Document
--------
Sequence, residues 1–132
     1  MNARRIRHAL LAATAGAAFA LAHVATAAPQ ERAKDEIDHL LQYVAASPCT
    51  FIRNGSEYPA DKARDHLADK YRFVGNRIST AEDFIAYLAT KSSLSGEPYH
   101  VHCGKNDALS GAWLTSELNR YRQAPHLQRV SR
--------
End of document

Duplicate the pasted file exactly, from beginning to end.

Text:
Sequence, residues 1–132
     1  MNARRIRHAL LAATAGAAFA LAHVATAAPQ ERAKDEIDHL LQYVAASPCT
    51  FIRNGSEYPA DKARDHLADK YRFVGNRIST AEDFIAYLAT KSSLSGEPYH
   101  VHCGKNDALS GAWLTSELNR YRQAPHLQRV SR